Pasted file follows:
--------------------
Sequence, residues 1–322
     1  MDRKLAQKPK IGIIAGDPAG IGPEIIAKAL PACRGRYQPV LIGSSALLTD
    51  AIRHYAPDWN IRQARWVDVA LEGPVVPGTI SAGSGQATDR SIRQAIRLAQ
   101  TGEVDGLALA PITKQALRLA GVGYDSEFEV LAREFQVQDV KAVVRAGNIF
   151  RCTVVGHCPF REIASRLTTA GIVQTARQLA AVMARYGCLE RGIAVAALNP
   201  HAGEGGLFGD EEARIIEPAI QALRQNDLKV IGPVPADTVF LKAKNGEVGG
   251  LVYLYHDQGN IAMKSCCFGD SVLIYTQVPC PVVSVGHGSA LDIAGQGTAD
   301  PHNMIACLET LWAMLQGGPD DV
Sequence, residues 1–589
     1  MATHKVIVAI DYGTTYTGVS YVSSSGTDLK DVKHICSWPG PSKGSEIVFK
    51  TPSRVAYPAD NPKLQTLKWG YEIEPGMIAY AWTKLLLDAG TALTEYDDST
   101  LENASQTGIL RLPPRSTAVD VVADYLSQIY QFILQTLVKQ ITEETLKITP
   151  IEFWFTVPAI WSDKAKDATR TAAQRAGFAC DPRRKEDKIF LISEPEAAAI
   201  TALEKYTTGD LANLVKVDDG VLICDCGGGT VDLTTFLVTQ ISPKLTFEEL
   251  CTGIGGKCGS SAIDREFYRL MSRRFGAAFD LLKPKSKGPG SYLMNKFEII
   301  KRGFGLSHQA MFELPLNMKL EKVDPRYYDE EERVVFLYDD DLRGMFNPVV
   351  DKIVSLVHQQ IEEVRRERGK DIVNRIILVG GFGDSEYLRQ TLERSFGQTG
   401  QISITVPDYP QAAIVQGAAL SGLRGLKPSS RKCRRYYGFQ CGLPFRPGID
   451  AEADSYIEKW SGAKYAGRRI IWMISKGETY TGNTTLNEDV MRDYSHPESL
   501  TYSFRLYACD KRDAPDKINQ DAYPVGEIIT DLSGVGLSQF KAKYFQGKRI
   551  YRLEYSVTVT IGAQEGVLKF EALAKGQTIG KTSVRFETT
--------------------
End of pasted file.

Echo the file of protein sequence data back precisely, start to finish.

Sequence, residues 1–322
     1  MDRKLAQKPK IGIIAGDPAG IGPEIIAKAL PACRGRYQPV LIGSSALLTD
    51  AIRHYAPDWN IRQARWVDVA LEGPVVPGTI SAGSGQATDR SIRQAIRLAQ
   101  TGEVDGLALA PITKQALRLA GVGYDSEFEV LAREFQVQDV KAVVRAGNIF
   151  RCTVVGHCPF REIASRLTTA GIVQTARQLA AVMARYGCLE RGIAVAALNP
   201  HAGEGGLFGD EEARIIEPAI QALRQNDLKV IGPVPADTVF LKAKNGEVGG
   251  LVYLYHDQGN IAMKSCCFGD SVLIYTQVPC PVVSVGHGSA LDIAGQGTAD
   301  PHNMIACLET LWAMLQGGPD DV
Sequence, residues 1–589
     1  MATHKVIVAI DYGTTYTGVS YVSSSGTDLK DVKHICSWPG PSKGSEIVFK
    51  TPSRVAYPAD NPKLQTLKWG YEIEPGMIAY AWTKLLLDAG TALTEYDDST
   101  LENASQTGIL RLPPRSTAVD VVADYLSQIY QFILQTLVKQ ITEETLKITP
   151  IEFWFTVPAI WSDKAKDATR TAAQRAGFAC DPRRKEDKIF LISEPEAAAI
   201  TALEKYTTGD LANLVKVDDG VLICDCGGGT VDLTTFLVTQ ISPKLTFEEL
   251  CTGIGGKCGS SAIDREFYRL MSRRFGAAFD LLKPKSKGPG SYLMNKFEII
   301  KRGFGLSHQA MFELPLNMKL EKVDPRYYDE EERVVFLYDD DLRGMFNPVV
   351  DKIVSLVHQQ IEEVRRERGK DIVNRIILVG GFGDSEYLRQ TLERSFGQTG
   401  QISITVPDYP QAAIVQGAAL SGLRGLKPSS RKCRRYYGFQ CGLPFRPGID
   451  AEADSYIEKW SGAKYAGRRI IWMISKGETY TGNTTLNEDV MRDYSHPESL
   501  TYSFRLYACD KRDAPDKINQ DAYPVGEIIT DLSGVGLSQF KAKYFQGKRI
   551  YRLEYSVTVT IGAQEGVLKF EALAKGQTIG KTSVRFETT